A few years ago, we purchased a therapy swing for Rachel to help with some of the sensory issues that come with autism. It required a massive hook mounted in a ceiling beam. Thankfully, as neither Hubby nor I are handy, our house’s previous owner had installed several in our garage. Even though the room wasn’t ideal, we were able to hang the swing in there. On weekends, Rachel often spends hours going in and out, swinging and enjoying herself.

A few months ago, on a rainy Saturday, I had something to do in the house; What, I cannot remember, but it seemed important at the time. So, instead of staying outside and supervising, I checked on Rachel every few minutes. You would think I had learned my lesson by this time.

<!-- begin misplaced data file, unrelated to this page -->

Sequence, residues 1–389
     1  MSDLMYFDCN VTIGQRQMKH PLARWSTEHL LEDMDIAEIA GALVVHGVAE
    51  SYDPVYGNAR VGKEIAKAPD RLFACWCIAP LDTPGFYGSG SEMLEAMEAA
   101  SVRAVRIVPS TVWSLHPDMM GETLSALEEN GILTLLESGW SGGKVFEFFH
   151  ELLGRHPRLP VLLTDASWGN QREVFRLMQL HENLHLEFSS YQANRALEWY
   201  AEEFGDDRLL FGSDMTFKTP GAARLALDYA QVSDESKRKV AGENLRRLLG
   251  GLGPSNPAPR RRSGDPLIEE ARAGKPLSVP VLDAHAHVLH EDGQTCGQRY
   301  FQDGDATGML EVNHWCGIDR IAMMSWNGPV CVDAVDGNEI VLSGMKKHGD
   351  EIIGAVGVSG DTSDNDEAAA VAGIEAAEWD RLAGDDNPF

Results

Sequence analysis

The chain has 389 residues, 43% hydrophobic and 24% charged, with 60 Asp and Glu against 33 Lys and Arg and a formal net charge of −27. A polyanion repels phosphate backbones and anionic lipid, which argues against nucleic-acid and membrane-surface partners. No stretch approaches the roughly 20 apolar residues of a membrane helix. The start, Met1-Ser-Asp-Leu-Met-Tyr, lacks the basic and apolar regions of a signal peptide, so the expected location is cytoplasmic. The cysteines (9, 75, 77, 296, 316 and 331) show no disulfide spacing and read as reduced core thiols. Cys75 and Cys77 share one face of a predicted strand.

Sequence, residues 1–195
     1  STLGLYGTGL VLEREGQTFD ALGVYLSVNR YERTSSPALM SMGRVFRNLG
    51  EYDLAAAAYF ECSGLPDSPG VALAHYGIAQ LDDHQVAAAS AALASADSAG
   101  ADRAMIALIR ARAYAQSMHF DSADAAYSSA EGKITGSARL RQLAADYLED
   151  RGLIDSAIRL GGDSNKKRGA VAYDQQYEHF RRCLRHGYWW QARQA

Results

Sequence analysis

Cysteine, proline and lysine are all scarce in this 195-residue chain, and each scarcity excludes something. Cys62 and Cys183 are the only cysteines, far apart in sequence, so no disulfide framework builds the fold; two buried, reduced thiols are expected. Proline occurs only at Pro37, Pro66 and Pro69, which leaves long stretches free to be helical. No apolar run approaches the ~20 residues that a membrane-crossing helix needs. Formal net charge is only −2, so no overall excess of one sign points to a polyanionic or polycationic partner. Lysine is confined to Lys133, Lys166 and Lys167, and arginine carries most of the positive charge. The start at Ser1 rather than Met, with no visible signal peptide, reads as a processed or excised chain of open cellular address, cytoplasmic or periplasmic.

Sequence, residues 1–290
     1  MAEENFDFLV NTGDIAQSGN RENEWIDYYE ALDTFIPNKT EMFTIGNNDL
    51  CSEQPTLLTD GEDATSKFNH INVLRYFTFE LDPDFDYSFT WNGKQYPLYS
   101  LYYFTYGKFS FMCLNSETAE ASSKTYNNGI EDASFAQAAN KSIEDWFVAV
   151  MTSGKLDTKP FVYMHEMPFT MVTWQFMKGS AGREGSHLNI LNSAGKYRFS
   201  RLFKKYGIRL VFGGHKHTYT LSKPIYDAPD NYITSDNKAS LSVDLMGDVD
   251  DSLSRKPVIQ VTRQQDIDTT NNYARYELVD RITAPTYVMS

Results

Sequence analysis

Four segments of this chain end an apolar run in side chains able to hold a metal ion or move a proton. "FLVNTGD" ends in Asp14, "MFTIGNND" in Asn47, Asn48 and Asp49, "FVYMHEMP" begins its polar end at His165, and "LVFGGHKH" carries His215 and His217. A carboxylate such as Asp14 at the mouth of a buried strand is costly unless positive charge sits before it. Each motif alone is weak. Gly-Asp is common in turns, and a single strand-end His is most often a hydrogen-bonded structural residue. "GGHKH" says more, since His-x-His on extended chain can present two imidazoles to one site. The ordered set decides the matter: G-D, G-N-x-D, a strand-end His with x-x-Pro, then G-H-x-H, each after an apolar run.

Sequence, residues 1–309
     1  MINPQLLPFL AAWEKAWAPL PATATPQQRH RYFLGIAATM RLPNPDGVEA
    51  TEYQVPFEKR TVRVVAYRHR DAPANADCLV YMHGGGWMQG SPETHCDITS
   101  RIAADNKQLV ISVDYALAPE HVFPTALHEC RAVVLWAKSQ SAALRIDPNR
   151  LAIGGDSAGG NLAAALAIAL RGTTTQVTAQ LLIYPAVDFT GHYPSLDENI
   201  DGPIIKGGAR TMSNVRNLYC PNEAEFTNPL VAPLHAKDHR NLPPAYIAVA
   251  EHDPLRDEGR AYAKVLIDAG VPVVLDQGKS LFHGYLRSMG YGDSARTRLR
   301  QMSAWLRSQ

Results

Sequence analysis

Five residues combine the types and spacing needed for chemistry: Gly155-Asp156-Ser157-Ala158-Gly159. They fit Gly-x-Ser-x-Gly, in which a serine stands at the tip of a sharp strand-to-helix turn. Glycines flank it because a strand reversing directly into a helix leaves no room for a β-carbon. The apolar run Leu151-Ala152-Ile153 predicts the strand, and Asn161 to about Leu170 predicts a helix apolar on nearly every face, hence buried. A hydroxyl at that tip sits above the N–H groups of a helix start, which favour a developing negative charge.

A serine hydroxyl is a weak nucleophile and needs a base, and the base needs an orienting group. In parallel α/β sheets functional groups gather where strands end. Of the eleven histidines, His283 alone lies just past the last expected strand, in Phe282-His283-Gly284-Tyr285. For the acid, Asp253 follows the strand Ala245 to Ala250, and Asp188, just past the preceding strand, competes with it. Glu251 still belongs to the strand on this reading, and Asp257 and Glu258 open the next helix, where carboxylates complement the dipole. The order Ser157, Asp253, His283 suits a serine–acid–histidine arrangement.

A couple of minutes after my last inspection, I made another quick trip to the door again. My jaw dropped. Rachel, who loves any sensory activity, had decided to set up a center for herself … with thirty pounds of dog food. I grabbed the broom and slipped and slid my way to the epicenter of the event, the dog on the heels, stumbling like a newborn calf walking for the first time. As my Labrador, Missy — who never turns down food — gobbled, I got down on my knees and swept. Just when I’d worked my way to the food container, Rachel tipped it over again.

I squealed, thinking of all that sweeping ahead of me. And then … I looked between Missy and Rachel, both of them in hog heaven, and cracked up. What’s that cliché? If you can’t beat ‘em, join ‘em.